Asthma is a common chronic airways disease, with both medical and financial burdens imposed on society and individuals. Current evidence appears to show that there is a sex-based difference in the prevalence and severity of asthma. The reasons for this are starting to become clear based on recent research into the presence of receptor sites in the airways for the male hormone, testosterone.

Consider that asthma is more common in boys than girls, but the prevalence and severity is greater in adult women before menopause than in men. These findings correspond to changes in sex hormones, and suggest that sex hormones play a role in the development of asthma and the way it may progress with time. The airway effects of estrogen and progesterone on the physiology of asthma has been studied extensively. However, the effect of male hormones on asthma has not been well studied.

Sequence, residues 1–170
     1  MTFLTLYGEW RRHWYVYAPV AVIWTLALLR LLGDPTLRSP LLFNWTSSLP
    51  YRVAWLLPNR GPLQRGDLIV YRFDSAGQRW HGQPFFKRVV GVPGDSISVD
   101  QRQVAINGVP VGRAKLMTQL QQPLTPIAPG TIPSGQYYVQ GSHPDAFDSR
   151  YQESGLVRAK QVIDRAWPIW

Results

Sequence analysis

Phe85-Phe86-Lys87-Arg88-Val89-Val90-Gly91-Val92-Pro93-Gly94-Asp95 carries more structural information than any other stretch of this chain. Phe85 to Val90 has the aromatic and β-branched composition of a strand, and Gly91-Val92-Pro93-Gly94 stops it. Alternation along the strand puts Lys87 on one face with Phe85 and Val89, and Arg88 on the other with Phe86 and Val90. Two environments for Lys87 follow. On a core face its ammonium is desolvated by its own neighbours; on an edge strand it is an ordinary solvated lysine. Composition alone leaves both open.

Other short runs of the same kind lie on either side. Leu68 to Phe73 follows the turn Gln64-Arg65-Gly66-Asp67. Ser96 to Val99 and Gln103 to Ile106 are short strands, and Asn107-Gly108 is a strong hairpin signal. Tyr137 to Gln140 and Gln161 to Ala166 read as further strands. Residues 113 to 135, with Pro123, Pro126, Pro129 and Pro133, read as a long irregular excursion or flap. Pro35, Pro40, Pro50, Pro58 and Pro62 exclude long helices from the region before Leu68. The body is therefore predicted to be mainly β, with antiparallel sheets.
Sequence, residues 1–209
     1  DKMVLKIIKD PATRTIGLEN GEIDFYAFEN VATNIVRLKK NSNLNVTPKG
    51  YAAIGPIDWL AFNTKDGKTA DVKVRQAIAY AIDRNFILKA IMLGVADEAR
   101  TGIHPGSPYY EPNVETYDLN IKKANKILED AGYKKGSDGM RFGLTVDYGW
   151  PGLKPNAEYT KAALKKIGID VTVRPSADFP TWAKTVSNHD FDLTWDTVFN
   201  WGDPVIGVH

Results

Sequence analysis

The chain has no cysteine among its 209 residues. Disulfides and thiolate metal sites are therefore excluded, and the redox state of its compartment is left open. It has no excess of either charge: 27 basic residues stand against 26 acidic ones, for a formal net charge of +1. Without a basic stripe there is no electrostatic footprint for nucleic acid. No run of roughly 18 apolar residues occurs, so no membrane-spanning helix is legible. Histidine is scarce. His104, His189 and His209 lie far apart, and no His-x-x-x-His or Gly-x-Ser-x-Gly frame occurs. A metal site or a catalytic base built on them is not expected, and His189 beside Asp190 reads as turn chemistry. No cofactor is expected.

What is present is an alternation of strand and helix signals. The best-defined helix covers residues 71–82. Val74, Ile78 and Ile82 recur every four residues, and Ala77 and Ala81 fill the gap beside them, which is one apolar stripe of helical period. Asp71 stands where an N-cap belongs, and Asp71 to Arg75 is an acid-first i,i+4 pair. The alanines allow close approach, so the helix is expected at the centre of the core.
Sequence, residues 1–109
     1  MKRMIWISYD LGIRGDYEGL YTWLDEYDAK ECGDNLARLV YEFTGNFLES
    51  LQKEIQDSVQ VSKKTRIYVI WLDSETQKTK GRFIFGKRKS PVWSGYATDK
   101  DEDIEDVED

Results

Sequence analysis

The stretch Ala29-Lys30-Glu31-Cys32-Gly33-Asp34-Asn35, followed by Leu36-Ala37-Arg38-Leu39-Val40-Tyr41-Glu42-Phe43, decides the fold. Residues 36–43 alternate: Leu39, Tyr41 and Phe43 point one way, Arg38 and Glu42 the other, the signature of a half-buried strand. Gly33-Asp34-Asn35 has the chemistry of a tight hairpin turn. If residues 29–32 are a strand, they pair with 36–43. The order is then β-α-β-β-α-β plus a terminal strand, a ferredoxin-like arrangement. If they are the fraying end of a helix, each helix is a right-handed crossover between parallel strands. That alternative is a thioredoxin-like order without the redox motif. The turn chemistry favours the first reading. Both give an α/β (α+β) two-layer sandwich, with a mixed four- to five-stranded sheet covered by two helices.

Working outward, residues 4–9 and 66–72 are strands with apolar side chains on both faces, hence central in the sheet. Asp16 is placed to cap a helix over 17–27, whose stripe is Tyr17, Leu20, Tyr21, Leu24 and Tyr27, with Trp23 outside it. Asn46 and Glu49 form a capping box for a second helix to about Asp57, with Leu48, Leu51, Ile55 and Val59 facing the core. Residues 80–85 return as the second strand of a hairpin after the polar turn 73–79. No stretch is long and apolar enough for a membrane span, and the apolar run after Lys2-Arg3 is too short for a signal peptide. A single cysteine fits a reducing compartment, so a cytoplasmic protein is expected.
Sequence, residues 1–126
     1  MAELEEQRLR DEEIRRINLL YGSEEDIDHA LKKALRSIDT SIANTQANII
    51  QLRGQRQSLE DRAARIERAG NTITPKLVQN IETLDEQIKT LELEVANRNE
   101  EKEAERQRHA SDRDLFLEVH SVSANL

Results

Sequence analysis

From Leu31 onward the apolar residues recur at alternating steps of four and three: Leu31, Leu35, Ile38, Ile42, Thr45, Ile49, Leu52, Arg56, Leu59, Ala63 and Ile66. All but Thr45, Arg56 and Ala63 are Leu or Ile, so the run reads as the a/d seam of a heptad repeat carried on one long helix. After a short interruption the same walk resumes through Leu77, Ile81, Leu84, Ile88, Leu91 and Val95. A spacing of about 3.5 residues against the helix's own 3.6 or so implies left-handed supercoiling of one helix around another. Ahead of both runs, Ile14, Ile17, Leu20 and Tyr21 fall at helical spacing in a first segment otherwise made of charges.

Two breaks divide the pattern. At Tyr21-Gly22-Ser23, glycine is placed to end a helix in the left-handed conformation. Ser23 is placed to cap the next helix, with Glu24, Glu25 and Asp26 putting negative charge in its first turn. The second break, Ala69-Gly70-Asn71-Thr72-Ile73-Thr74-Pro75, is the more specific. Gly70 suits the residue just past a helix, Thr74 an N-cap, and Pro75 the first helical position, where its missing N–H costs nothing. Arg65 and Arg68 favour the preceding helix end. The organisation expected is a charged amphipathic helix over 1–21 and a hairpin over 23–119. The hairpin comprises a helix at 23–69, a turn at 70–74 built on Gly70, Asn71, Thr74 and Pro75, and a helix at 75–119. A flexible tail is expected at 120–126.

A recent study has shown that higher levels of testosterone are associated with better lung function in children. Testosterone levels were also found to be lower in men with severe disease than in those with less severe asthma. Boys and girls who were followed over many years were found to have less asthma symptoms when male hormone levels spiked in adolescence. This may explain why patients were thought to “outgrow” their asthma, which is clearly untrue. Other findings associated with increased male hormone levels include effects on some of the inflammatory factors noted in expired air of asthma patients.